Having spent last semester developing an unusual obsession with subways, the idea of revisiting the subject was not too painful. The subject of crime was my original starting point, I discussed the “Broken Windows” theory as talked about in “The Tipping Point” by Malcolm Gladwell (p141) which, in very simple terms, suggested that if a window is broken and not repaired, people passing by will decide that no one cares and that no one is managing the area. Soon, more windows will be broke
n, and the feeling of chaos and mayhem grows. Especially in a city, comparatively small problems like graffiti or public disorder are the equivalent of broken windows, a temptation to more serious crime. The atmosphere created in a confined and isolated space, such as an underground station, dictates a passengers feeling of safety and in turn, their likelihood of being a returning customer.
In order to research the pros and cons of subway atmosphere last semester, I spent a great deal of time, through books and internet sites, researching the most famous subway stations of the world and how they function at present. I did the same to get a better idea of how atmosphere can be affected by architecture. This topic grew arms and legs as many factors play a part in creating the atmosphere in a space.
Having previously been anti-mind-mapping, I reluctantly completed one on this topic as part of an assignment in semester one. Annoyingly, I found the mind-map extremely useful as a way of documenting and organising my thoughts.
This threw up many issues and ideas surrounding subway atmosphere. In order to take this research further it is now clear, having completed this semesters assignments, that primary research techniques are key to discovering the public’s needs. The underground system is of course a public transport service and so who better to look to to answer the question, “how do we improve the atmosphere in our underground stations?” than the public?
Most subway systems tend to be filthy and rather dull aesthetically. But there are cities that explicitly foster arts and good architecture in subways. Works of art or sophisticated architecture can be inspiring and thought-provoking for daily commuters as well as an attraction for visitors. Distinctive colour schemes and works of art help passengers for orientation. Furthermore, there is evidence that vandalism diminishes in appealing stations because works of art and good designs are widely respected.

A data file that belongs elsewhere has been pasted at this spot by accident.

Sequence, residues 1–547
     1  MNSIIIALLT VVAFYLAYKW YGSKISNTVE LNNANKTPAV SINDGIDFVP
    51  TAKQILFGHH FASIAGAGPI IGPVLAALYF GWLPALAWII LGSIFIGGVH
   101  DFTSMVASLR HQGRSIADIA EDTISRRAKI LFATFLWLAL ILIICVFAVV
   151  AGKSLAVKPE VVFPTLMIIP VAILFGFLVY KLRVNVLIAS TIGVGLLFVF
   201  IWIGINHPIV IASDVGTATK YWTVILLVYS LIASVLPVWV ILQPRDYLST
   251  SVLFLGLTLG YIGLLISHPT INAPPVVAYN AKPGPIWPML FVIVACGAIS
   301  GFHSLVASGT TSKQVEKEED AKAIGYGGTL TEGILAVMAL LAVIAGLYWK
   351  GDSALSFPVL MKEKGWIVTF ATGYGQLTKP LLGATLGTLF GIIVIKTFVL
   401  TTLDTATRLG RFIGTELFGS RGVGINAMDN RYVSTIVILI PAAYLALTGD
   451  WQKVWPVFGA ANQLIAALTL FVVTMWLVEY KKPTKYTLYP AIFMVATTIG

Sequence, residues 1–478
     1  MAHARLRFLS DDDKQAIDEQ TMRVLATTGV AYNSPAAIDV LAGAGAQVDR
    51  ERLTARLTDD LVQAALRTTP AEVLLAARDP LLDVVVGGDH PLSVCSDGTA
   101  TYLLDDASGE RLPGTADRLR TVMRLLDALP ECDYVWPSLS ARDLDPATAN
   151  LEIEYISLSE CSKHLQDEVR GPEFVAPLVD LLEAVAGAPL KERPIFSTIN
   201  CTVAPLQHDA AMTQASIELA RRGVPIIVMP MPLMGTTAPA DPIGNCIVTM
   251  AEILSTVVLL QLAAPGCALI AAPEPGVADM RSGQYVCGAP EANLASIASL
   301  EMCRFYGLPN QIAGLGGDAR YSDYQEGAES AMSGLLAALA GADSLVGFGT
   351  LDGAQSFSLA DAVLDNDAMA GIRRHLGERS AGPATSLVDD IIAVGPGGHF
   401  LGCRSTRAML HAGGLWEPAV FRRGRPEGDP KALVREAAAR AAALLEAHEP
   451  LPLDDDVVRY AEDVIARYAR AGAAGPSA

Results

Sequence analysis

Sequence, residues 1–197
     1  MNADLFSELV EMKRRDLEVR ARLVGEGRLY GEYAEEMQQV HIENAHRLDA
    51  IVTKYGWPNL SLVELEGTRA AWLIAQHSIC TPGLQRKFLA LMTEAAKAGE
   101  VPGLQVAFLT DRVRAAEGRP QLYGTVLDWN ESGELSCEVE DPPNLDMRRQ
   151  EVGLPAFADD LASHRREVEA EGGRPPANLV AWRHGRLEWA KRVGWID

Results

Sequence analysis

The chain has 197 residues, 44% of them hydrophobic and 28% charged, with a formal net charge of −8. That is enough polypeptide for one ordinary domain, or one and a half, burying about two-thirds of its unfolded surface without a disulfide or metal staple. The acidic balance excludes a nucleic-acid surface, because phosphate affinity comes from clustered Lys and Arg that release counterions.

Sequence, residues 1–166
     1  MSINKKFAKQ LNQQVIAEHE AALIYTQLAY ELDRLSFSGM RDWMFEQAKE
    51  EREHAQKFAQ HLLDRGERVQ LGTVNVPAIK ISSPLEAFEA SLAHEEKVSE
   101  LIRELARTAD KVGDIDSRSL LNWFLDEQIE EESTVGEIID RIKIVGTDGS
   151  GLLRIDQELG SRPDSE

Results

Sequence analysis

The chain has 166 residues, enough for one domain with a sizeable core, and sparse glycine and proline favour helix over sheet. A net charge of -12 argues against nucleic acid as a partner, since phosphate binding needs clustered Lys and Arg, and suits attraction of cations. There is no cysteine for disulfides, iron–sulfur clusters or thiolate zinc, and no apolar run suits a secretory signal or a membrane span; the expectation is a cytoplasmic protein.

Observation would be my key form of primary research here. So much can be discovered just by watching people, but not just watching aimlessly, by really observing their body language and behaviour and in this case their movement patterns, speed of movement, interaction, age, sex etc... Gathering this information to discover the patterns of behaviour would be invaluable to ascertain how the public use stations. The present design and decoration of each station would have to be considered as these factors would effect their behaviour. Observation would highlight the problems and possible good points of the existing stations. To develop the data gathered from such observations, an experiment could be arranged to temporarily alter the atmosphere of the station, for example, the lighting could be changed or a variety of music played to see if behaviour changes. In the London Underground was said to play fast marching music during the morning rush, and calm relaxing music in the evening rush - the first to get people moving, the second to calm them down.
A series of focus groups of regular commuters, combined with a small visual experiment could prove useful as an insight into what commuters would like to see happen to their stations. I this think would prove more effective than interviewing individual commuters as a discussion tends to throw up more interesting results and the idea of trying to get a commuter to stop and answer questions fills me with fear! Various stations around the world have instigated innovations in an attempt to improve their commuters daily experience, such as Moscow Metro’s mobile art exhibition. Perhaps a discussion surrounding the various innovations around the worlds subways would show up a particular favourite, an area which needs improving and possibly a solution. Involving regular commuters who can take the time to converse with other commuters should throw up the real problems they experience daily and what they would like to see done about it.
Our underground stations are ever changing and improving, with the addition of interactive technology as one example. TFL (Transport for London) will be investing capital into the renovation of the Underground network in preparation for the 2012 Olympic Games. In a private venture, CBS Outdoor (a leading outdoor advertising company) are investing £72 million over the next two and a half years to improve every single advertising site on the Underground including installation over 2000 digital sites. These days advertising seems to be playing a huge part in creating a stations atmosphere, keeping things interesting and stimulating. So with all this money flying around to invest in this country’s largest underground system lets hope that they have used their primary research to talk to the public, the people who will be using this service. Here is an example of some advertising in a Tokyo subway tunnel. This particular technology, brought to my attention by Jonathan Baldwin, uses the old-fashioned zoetrope device as its inspiration. A zoetrope is a device that produces an illusion of action from a rapid succession of static pictures.
Bennet, D, (2004), Metro the story of the underground railway, London, Octopus Publishing
Gladwell, M, (2000), The Tipping Point, Great Britain, Abacus
Lepori, R, and Franck, K, (2007), Architecture from the Inside Out, Great Britain, Wiley-Academy
Preston, J, (2004), Interior Atmosphere, London, Artmedia Press